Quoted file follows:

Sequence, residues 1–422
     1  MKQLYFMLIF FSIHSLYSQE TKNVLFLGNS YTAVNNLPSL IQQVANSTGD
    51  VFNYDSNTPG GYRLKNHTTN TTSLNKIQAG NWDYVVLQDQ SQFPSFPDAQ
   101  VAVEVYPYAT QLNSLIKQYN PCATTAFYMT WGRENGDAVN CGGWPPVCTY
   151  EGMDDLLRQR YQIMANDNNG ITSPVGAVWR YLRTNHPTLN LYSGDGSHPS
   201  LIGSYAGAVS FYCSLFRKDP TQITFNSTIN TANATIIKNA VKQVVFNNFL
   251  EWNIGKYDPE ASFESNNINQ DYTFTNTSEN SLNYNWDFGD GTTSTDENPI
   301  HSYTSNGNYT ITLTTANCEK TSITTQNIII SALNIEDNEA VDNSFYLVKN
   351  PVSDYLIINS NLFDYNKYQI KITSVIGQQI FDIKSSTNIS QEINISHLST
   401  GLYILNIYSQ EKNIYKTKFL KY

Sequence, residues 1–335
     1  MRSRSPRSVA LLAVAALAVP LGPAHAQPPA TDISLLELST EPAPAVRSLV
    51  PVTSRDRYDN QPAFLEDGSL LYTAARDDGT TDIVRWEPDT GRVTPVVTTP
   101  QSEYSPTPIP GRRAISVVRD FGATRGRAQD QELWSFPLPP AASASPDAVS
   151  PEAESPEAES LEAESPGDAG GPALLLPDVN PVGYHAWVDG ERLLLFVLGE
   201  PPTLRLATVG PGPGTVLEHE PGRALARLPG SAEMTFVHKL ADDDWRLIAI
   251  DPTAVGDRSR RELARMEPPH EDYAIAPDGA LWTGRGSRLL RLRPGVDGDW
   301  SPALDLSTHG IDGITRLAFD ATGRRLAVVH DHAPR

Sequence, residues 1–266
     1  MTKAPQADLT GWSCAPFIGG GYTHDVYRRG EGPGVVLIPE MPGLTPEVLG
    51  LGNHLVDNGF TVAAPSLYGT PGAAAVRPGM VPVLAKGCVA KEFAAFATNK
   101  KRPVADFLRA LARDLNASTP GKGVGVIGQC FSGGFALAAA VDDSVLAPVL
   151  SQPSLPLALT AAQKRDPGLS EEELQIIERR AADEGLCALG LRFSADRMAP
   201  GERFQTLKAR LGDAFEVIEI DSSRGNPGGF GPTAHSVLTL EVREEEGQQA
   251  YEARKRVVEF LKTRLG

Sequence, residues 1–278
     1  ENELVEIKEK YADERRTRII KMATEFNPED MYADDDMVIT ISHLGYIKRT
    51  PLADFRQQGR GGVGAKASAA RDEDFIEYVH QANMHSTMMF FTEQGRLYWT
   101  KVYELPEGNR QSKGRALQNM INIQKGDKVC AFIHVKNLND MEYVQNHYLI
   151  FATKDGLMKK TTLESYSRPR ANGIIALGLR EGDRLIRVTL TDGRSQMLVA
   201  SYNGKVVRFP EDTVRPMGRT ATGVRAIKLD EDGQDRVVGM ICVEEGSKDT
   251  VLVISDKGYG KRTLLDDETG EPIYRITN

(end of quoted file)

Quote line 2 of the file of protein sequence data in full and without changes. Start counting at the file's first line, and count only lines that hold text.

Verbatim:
     1  MKQLYFMLIF FSIHSLYSQE TKNVLFLGNS YTAVNNLPSL IQQVANSTGD